This film is simply a noir classic.
Film noir is famously very difficult to categorize, but somehow its conventions and tropes have percolated down the public consciousness in such a way that they are almost immediately recognizable to those that view them. To paraphrase Justice Stewart’s famous line on pornography, I don’t know what film noir is, but I’ll know it when I see it. To me, L.A. Confidential embodies what I imagine noir to be; it hits all right notes that I’d expect of the convention, and does so in a supremely confident and masterful way. This is not just a good noir (or neo-noir) film, this is a masterful work of art in its own right, a film that demonstrates an impressive grasp of narrative, pacing and dialogue. This is a film that really nails the craft of filmmaking.
L.A. Confidential ticks all the right boxes for a noir crime thriller. We have a trio of protagonists – the grim, violent Bud White (Russell Crowe) with a penchant for going to extreme lengths to protect vulnerable women, Ed Exley (Guy Pearce), the cerebral, by-the-books straight-A star of the academy, and Jack Vincennes (Kevin Spacey), a well-connected and cynical veteran of the narcotics department who initially appears more interested in leveraging his position to receive kickbacks from tabloid writers than to pursue justice. Each has a different relationship with the institutional authority – the LAPD – to which they belong: White is the tough used by the commissioner to extract confessions from criminals through violence, Exley firmly believes in the rule of law and the mission of the police force, and Vincennes, of course, is the typical corrupt cop who distorts the process of justice to his own ends. But each of them finds out in his own way that the institution to which they belong hides a moral rot below its surface, and they must attempt to negotiate their differences in order to pierce the veil of mystery and apprehend the institution’s true nature.
Of the three protagonists, Bud White is perhaps the most typically hard-boiled, a man who wallows in existential bitterness underneath his tough exterior, whose only recourse to the faithlessness and hypocrisy of society around him is violence. There is also a kind of femme fatale character in the form of Lynn Bracken, in whose charms White is ensnared, who acts as a catalyst to his vulnerability, but who also serves as a point of contention between Exley and White, in the typical femme fatale fashion. Los Angeles is prominently featured, of course; its sunny weather and freewheeling lifestyle of glamor is often used as an ironic theater that contrasts with the falsity and corruption of society, a common theme in noir. This is a film that liberally applies noir tropes in a way that is not particularly innovative, but instead uses them as tools and narrative aids to set certain moods, tones and expectations for the viewing audience in the process of telling a riveting story.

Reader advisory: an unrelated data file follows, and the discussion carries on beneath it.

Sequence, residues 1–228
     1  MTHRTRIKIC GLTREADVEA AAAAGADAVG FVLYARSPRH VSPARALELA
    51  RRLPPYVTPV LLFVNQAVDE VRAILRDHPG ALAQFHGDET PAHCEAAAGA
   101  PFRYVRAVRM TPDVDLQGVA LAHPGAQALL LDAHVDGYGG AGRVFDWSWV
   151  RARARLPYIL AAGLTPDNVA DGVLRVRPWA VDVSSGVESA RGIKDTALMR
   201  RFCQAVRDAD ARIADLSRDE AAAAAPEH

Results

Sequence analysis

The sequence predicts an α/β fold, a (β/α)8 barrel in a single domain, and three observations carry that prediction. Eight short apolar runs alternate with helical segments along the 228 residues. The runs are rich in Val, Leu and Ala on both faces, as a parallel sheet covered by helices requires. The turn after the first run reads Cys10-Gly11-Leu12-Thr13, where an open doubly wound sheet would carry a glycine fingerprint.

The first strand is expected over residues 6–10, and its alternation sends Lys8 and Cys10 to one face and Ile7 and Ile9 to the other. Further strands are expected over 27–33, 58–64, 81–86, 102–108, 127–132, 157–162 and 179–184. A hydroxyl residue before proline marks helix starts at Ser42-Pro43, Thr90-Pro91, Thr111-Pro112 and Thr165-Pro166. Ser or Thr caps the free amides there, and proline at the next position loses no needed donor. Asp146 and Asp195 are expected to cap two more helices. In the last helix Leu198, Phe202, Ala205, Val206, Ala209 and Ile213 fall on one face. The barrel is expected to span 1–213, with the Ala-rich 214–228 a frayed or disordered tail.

And it does so in expert fashion. Telling the parallel character arcs of three protagonists in one two-hour package in a way that is compelling and complete is no mean feat, but L.A. Confidential manages it quite expertly. Its use of snappy, curt dialogue complements its noir sensibility, and what is said usually has a subtext that unpacks in relation to the other parts of the film. The way the narrative unfolds resembles a finely-crafted puzzle box that reveals successive layers of complexity as you continue watching and unpacking it. The pacing is quick but never too fast, and the film never devolves into bloated exposition, trusting its audience to follow its twists and turns, never pandering to the lowest common denominator. That kind of trust elevates the film into a reciprocal experience because the viewer derives pleasure and satisfaction from the process of unpacking and understanding the film just by watching it attentively. That is a supremely rewarding feeling, and it is hard to pitch a film’s narrative at a level that makes it just hard enough to get that reward response, but not too hard that its complexity is lost to most viewers in its intended demographic profile.
This is quite a masterfully made film. It is made in the best tradition of noir, using its tropes in a way that populates the tone and mood of the film, and drawing on their underlying cultural permeation to build the groundwork for the viewing experience of the audience. While not groundbreaking in its use of comforting trope conventions, it nonetheless tells a compelling story by layering in a dense but not impenetrable plot. In doing so, it also manages to include a fair bit of compelling character growth into the mix. I guess what I’m saying is that I’m impressed at how the film packs so much into the confined space of two hours, and yet comes across feeling streamlined and well-paced. There is not an ounce of expository fat – and the film really puts its trust into the competence (and genre-savviness) of its audience. The result is a well-told, compelling and captivating film that deserves its place in the pantheon of noir greats.
I give this film: 4.5 out of 5 Rollo Tomasis